Fred Pree - my given name is Fred James Pree Jr, I've worn many hats and been called by many names(Red, James, Man on the Silver Mountain to name a few). I sprouted roots from seed in Saint Petersburg Florida, all my days as a boy were shaped by this city in which I still live, the ocean where I still swim, the rivers, springs, and swamps where I still frequent to reconnect with the soul of the earth. As I grew, I traveled finding myself fortunate to be exploring the richness of the Appalachian Mountains discovering a deep lasting love. The forces of nature destined me to Turtle Island Preserve where all life's lessons would be shared, tested and honored. It is here on this land that has brought many of my most cherished connections to people and planet. My favorite past times are connecting with my mother/grandmother, working outside, whittling, leather crafting, self-defense, exploring movement as a mobility specialist with anyone interested to play and learn. I look forward to sharing these skills/passions with the many excellent inhabitants of Turtle Island Preserve for many moons and morning walks to come. Much love and many thanks for trusting your loved ones to this capable team.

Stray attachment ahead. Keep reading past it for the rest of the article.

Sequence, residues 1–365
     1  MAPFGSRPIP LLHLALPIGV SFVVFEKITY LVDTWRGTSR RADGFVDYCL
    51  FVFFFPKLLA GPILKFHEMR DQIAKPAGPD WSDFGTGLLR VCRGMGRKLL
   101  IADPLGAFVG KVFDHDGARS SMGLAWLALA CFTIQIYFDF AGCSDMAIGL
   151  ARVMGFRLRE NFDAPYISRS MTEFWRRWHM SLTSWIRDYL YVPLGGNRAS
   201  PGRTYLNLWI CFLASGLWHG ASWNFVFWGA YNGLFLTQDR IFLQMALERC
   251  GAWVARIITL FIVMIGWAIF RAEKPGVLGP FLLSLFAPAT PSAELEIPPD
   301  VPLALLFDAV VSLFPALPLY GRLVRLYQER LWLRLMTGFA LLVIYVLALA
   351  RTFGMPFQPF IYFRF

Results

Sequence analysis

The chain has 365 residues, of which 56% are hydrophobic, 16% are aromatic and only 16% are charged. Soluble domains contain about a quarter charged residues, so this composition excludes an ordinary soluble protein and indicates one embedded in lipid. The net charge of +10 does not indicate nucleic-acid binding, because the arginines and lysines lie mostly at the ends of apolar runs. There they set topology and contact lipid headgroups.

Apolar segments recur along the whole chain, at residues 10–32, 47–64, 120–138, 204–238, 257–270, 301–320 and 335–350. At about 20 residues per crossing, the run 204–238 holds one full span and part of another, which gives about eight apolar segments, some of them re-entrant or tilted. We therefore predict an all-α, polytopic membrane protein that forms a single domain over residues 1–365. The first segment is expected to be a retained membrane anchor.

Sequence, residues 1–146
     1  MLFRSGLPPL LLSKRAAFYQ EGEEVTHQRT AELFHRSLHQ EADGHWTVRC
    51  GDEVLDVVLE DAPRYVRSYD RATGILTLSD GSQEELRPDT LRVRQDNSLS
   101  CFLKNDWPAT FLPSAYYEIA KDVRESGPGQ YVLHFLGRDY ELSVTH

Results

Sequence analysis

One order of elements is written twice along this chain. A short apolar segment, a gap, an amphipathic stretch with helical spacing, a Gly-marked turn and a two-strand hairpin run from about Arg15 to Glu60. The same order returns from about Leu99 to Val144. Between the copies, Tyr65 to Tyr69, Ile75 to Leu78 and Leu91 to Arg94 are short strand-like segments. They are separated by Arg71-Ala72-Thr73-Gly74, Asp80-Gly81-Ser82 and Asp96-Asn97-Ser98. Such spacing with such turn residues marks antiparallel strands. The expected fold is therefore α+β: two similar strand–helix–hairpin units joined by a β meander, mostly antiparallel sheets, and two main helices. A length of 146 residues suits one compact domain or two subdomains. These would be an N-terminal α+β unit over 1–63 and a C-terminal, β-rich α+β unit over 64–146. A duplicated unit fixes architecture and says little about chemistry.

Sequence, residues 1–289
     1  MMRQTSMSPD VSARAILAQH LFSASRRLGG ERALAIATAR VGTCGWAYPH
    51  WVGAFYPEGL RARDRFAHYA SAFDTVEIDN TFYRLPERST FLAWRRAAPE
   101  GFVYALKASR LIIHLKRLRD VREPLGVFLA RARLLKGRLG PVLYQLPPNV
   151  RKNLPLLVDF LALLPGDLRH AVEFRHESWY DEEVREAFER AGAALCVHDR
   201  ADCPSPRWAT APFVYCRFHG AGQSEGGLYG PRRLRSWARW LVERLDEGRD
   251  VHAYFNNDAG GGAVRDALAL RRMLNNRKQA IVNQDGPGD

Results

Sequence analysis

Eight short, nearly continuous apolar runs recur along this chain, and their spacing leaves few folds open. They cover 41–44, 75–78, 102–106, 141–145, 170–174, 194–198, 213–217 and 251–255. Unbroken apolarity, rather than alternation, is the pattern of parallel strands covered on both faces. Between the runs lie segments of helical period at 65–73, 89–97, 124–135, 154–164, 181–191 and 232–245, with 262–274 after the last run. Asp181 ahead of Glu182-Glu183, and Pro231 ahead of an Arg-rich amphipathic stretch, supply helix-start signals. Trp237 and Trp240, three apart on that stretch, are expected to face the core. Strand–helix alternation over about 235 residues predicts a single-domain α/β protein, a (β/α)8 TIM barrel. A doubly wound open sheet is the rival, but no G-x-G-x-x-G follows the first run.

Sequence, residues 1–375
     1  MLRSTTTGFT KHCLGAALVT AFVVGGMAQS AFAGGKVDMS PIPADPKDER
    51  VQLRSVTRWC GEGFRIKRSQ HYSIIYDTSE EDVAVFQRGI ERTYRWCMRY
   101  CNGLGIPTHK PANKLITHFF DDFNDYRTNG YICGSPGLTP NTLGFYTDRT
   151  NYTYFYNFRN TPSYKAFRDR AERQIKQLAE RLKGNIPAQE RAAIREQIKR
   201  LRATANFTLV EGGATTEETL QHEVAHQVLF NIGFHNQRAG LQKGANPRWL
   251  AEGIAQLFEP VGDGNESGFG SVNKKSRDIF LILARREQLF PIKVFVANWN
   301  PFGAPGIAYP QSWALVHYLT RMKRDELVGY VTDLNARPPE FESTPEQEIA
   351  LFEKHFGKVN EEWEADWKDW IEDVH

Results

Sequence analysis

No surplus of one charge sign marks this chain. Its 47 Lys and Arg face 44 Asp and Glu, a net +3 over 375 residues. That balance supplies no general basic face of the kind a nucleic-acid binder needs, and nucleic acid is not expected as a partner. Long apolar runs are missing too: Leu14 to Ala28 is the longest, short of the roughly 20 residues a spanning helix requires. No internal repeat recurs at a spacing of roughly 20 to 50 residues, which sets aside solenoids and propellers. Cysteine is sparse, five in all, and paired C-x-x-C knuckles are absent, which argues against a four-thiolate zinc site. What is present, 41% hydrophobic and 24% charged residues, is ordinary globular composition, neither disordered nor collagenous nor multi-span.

"Man on The Silver Mountain"
Jeremy “Bo” Hewett born and raised in coastal North Carolina, was a successful graduate of Eustace Conway’s rigorous internship program in 2004. Since then he has traveled far and wide but always returns to camp each summer, serving as Older-Boys Camp ‘counselor at large’ and changing lives with “Deep Thoughts” - a mealtime favorite. Bo has also led educational school, scout, young-boys campers and father/son camp participants on countless adventures through the wilds of Turtle Island Preserve. He’s an expert at finding the sweetest berries growing wild in the woods and has a keen knowledge of all the best waterfalls and swimming holes on the preserve.
Recently Bo joined his father in a handmade wooden boat, cruising from the Carolina coast to Florida, fulfilling a lifelong dream. By trade he’s a torch-wielding lamp worker. By those who know him at Turtle Island, he’s a sincere and caring friend.
Jason Lonon, a visiting teacher for years - is a professional cabinetmaker and blacksmith. Since 1997 he has studied, practiced and taught traditional woodworking and blacksmithing in a variety of settings from youth summer camps to community colleges. In his blacksmith shop, Jason specializes in making historical woodworking tools and traditional hardware. Jason has been a masterful teacher at Turtle Island expertly guiding students from small children to elderly adults. His trademark introductory class “100 useful things that can be made from a worn-out horseshoe” – has excited and inspired countless iron working enthusiasts for years. He has also led many groups in beautiful and useful making of wooden benches and stools, and his attention to detail with tools, blades and craftsmanship makes him one of our most saught after instructors. Visit Jason's own website HERE